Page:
Lambrusco wine deserves a separate article as there are so many types, ranging from dry to slightly sweet that we could taste. For a long time, Lambrusco was relegated to the role of a sparkling wine made just for traditional meals and frugal banquets, but today it is experiencing a moment of glory thanks to a new wave of quality producers using the Metodo Classico, used for Champagne.

As already highlighted in the early stages of this article, Lambrusco is a light, unpretentious and humble wine that can give immense joy, sometimes achieving unexpected levels of genuine elegance. The four main Lambrusco producing areas are Lambrusco di Sorbara, Lambrusco Grasparossa Castelvetro, Lambrusco Calamino of Santa Croce and Lambrusco Reggiano.

Must try:

Traditional: Cleto Chiarli ‘Lambrusco del Fondatore’ – Lambrusco di Sorbara DOC

New Wave: Fattoria Roretto ‘Canova’ – Lambrusco Grasparossa DOC

Colli Piacentini DOC (much of the province of Piacenza)

Piacenza has been a land of wines since ancient times. Popes, kings, lords and great artists up to this day just loved the wines of this area. In the Colli Piacentini area you will find amazing blends such as Bonarda, the Gutturino and Pinot Noir rosé sparkling wine – all high quality wines made by both international varieties and native grapes.

Must try:

Traditional: Lusenti ‘Regina Bianca’ – Colli Piacentini Malvasia DOC

New Wave: Luretta ‘Bacca di Rosa’ – Colli Piacentini Malvasia DOC

 

Romagna

DOCGs

Albana Romagna DOCG (Part of the provinces of Forlì, Cesena and Ravenna, reaching Bologna)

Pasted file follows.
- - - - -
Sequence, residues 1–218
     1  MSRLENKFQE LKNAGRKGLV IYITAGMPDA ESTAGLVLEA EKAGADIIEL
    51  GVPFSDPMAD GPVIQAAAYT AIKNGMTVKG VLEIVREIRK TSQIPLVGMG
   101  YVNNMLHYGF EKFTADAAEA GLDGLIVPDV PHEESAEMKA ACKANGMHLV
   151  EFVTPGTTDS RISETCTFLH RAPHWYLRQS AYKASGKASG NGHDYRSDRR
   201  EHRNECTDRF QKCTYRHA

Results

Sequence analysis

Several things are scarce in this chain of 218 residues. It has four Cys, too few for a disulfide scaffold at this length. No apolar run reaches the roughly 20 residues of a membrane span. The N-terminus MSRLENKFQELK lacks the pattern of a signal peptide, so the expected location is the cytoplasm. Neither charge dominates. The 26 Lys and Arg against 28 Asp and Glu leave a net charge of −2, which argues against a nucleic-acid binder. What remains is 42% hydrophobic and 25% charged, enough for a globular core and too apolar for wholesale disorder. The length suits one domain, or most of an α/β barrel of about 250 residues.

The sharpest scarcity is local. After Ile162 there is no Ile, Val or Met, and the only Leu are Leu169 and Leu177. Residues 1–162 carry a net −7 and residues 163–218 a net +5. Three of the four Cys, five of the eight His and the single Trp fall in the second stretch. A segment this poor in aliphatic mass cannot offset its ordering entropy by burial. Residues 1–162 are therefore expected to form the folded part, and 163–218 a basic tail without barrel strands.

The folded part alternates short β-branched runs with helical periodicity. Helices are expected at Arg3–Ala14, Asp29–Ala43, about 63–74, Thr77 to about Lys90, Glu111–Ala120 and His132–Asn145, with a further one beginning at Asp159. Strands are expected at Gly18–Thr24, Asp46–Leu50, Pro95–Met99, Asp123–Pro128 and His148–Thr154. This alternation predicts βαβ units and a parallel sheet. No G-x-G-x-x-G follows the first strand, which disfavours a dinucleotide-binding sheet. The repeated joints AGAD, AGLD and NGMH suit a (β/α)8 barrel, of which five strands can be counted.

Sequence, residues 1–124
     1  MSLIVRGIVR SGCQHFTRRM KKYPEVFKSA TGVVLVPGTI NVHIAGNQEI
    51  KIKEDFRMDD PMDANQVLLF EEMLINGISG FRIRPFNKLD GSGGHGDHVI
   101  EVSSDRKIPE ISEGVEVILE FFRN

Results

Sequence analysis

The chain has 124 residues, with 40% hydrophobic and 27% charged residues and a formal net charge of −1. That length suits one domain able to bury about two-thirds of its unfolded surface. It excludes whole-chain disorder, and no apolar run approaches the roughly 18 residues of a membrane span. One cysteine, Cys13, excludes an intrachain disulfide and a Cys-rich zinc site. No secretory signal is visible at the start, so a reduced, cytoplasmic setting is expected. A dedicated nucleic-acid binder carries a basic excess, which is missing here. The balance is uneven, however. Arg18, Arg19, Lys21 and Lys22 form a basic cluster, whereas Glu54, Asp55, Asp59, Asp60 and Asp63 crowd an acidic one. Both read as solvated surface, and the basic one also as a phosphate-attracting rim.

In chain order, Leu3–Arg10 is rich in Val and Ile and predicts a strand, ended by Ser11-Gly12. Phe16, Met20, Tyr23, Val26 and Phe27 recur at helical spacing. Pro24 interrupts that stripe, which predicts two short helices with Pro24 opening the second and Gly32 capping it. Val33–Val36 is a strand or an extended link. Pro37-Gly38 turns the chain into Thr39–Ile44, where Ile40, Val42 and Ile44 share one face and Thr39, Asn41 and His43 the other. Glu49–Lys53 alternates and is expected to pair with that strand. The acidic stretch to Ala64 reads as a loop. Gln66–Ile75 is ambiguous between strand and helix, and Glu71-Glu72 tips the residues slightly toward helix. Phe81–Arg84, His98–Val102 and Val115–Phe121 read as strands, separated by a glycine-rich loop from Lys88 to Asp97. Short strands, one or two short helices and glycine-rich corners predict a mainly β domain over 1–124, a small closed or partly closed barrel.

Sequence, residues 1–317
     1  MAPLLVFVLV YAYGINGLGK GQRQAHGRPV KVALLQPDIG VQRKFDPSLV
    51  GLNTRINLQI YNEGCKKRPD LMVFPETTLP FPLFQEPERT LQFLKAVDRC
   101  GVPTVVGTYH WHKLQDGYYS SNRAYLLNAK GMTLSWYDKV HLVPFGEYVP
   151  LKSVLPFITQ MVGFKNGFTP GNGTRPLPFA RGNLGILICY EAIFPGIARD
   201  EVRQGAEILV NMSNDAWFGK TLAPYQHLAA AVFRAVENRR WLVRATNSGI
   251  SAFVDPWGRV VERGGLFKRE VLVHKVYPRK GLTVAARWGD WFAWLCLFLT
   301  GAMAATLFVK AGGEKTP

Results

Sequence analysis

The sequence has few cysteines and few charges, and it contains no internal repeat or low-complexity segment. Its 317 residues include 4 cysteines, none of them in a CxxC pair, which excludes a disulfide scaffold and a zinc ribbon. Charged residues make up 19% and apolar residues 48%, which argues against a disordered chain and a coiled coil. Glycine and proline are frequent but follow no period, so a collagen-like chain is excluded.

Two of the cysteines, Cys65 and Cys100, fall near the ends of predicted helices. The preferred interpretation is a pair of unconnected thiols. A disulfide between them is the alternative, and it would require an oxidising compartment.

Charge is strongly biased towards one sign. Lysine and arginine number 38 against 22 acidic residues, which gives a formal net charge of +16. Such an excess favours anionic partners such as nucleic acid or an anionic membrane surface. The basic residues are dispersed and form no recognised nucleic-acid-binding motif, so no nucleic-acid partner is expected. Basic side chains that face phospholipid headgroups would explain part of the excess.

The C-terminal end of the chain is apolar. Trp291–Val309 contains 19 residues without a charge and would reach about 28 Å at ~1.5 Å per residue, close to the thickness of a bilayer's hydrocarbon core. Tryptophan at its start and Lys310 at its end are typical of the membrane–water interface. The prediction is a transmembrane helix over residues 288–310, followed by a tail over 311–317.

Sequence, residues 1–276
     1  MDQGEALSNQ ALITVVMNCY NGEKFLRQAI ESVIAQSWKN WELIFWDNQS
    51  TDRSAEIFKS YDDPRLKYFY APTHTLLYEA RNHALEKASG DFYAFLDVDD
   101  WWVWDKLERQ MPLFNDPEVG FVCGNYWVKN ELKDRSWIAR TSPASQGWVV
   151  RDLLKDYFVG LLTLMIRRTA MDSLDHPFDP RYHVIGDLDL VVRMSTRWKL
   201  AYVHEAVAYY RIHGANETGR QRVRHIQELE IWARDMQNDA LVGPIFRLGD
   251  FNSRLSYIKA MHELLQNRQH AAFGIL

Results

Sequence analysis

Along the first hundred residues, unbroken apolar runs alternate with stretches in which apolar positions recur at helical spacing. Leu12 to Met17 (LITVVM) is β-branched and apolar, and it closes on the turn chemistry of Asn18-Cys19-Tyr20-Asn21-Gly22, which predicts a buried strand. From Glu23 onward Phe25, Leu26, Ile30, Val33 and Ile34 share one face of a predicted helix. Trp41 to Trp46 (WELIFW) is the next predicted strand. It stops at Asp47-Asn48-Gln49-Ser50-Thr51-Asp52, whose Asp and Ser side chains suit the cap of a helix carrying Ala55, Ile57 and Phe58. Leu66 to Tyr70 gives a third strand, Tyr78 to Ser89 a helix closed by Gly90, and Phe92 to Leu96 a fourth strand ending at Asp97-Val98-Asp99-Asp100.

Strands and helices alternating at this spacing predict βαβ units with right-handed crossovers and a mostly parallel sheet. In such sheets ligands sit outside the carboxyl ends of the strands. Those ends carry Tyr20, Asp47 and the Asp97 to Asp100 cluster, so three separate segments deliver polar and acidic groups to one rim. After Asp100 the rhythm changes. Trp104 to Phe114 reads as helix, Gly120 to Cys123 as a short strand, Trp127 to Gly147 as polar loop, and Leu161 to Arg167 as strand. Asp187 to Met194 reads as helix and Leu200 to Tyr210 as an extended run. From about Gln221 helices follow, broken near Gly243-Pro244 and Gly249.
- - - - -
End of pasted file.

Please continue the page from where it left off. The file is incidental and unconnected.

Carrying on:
The Albana is one of the oldest vines in Romagna, and producers must use only this grape when making wines to gain DOCG status. There are five different versions: dry, demi-sec, sweet, raisin and sweet reserve. During ancient times Albana was considered a poor tavern wine until Roman rule, when it was served in a golden cup due to its delicate taste.

This was the first DOCG of the unified Emilia-Romagna, originating in 1987, and one of the first DOCGs made from white grapes in Italy. The Albana name comes from the Latin albus (white).

Must try:

Traditional: Fattoria Zerbina ‘Scacco Matto’ – Albana Romagna DOCG Passito

New Wave: Santa Lucia ‘Albarara Cru Artigianale’ – Albana Romagna DOCG Secco

DOCs

Sangiovese of Romagna DOC (Bologna, Ravenna, Forlì and Rimini)

Sangiovese is the most popular grape in Italy together with Pinot Noir and Nebbiolo. Outside of Tuscany – its homeland – there are only a few areas which can use it to its full potential, Romagna being one of them. For the people of Romagna, Sangiovese is almost a friend or relative that has historically accompanied them through centuries of cultural evolution. In Romagna Sangiovese is not made into wines that need ageing (as in Tuscany) – here you can get great results with young wines.

Must try:

Traditional: Fattoria Casetto de Mandorli ‘Vigna del Generale’ – Predappio Predappio IGT

New Wave: Noelia Ricci ‘Sangiovese’ – Sangiovese di Romagna Superiore DOCG

Pagadebit DOC (provinces of Ravenna, Forlì, Cesena and Rimini)

The name of this DOC is extremely interesting – in Italian it literally means ‘pays debts’. The grape is also known as Bombino Bianco but people from Romagna call it Pagadebit as, being an extremely sturdy and weather-resistant variety, it always ensured the farmers would have a safe harvest and be able to produce white wine even in bad years, helping them pay the debts accumulated during the year.

Must try:

Traditional: Podere La Berta – Pagadebit di Romagna DOC

New Wave: Podere di Vecciano ‘Vigna delle Rose’ – Pagadebit di Romagna DOC